Admitted vs. Non-Admitted Carriers


Admitted vs. Non-Admitted Carriers

Published March 12, 2024
Last Updated 1 month ago

Understanding Insurance Carriers: Admitted vs. Non-Admitted

Choosing the right insurance can feel overwhelming. One key decision involves the type of carrier: admitted or non-admitted. Let’s break down the key differences to help you navigate this choice.

Admitted Carriers: The Safe Bet with State Backing

Imagine an insurance company that follows strict rules and has a safety net in case of financial troubles. That’s what admitted carriers offer. They’re state-approved, meaning they meet rigorous regulations set by a national governing body.

Think of them like FDIC-insured banks. The government oversees their operations and provides some financial protection in case of company failure. This approval process takes time, ensuring the company is financially sound. However, if they face financial hardship, the state might step in to assist with claim payouts.

Non-Admitted Carriers: Flexibility and Potential Savings

Not all companies go through the lengthy process of becoming admitted. These non-admitted carriers operate independently, with less state oversight.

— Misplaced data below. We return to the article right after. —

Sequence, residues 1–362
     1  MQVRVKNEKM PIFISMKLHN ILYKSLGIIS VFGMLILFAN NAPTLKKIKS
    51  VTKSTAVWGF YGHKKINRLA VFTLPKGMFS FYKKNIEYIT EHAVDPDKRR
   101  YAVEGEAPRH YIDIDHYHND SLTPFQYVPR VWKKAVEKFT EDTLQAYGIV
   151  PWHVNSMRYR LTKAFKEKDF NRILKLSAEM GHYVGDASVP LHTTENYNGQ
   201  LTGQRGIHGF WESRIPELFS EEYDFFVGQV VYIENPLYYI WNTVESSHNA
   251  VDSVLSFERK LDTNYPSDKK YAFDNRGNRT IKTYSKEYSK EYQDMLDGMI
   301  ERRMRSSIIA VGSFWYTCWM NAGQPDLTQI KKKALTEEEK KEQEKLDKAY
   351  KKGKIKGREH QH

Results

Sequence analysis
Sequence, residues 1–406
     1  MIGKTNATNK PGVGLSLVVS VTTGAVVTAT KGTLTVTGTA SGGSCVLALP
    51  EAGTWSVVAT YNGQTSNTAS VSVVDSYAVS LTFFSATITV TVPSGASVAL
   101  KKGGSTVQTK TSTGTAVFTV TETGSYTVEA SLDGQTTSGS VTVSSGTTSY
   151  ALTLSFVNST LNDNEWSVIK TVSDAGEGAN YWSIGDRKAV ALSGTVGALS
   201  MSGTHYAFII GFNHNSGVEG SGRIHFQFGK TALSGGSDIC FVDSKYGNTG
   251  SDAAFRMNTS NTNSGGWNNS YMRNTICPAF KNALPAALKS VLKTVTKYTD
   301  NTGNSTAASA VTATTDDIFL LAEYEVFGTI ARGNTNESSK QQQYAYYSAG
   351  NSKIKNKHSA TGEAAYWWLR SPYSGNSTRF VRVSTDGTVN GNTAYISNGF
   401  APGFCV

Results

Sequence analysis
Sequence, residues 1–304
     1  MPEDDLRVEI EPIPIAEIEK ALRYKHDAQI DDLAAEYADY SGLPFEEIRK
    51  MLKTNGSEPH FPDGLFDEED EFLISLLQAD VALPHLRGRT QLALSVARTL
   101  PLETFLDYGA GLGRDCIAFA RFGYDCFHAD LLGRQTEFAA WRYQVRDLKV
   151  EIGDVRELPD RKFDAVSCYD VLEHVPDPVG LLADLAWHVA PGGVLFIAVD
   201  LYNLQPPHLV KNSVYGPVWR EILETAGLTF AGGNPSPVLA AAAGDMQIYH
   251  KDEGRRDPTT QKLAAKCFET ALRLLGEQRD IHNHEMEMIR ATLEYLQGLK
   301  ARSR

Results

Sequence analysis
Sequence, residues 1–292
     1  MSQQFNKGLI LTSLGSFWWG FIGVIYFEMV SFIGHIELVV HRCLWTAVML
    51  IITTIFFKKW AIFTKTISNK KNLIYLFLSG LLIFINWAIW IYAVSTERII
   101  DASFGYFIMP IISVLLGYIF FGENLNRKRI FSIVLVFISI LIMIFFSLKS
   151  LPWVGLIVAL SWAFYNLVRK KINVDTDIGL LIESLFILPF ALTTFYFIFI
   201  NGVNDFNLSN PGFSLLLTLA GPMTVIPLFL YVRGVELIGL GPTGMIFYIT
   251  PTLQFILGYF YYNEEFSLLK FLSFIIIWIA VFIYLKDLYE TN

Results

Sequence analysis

The downside? There’s no guarantee of state intervention if they encounter financial difficulties. This means you might face challenges receiving claim payments if the company folds. Additionally, you can’t seek help from the state insurance department if you’re unhappy with their claim handling.

However, non-admitted carriers offer some advantages:

  • Broader Coverage: They may cover unique or high-risk situations that admitted carriers wouldn’t touch.
  • Competitive Rates: Freed from state regulations, they can set their own rates, sometimes leading to more affordable premiums.

Choosing the Right Fit: It’s All About Your Needs

There’s no one-size-fits-all answer. The best choice depends on your specific situation:

  • Coverage: Don’t be fooled by the term “non-admitted.” They can sometimes offer wider protection due to their flexibility.
  • Price: Non-admitted carriers can potentially tailor rates to the actual risk, leading to better deals in some cases.
  • Financial Strength: Regardless of admitted status, a financially secure carrier is crucial. Check their rating with AM Best, an independent evaluator.


  • Seek Professional Guidance: Choosing the right insurance requires careful consideration. Talk to an insurance agent to understand your options and find the best fit for your needs.
  • Prioritize Financial Strength: A financially stable carrier is essential, regardless of their admitted status.

By understanding the pros and cons of both admitted and non-admitted carriers, you can make an informed decision and secure the coverage that best aligns with your requirements. For example, choosing an A rated non-admitted carrier is a better option than a C rated admitted carrier as their financial solvency is stronger.

Nóna Phelps

Nóna Phelps

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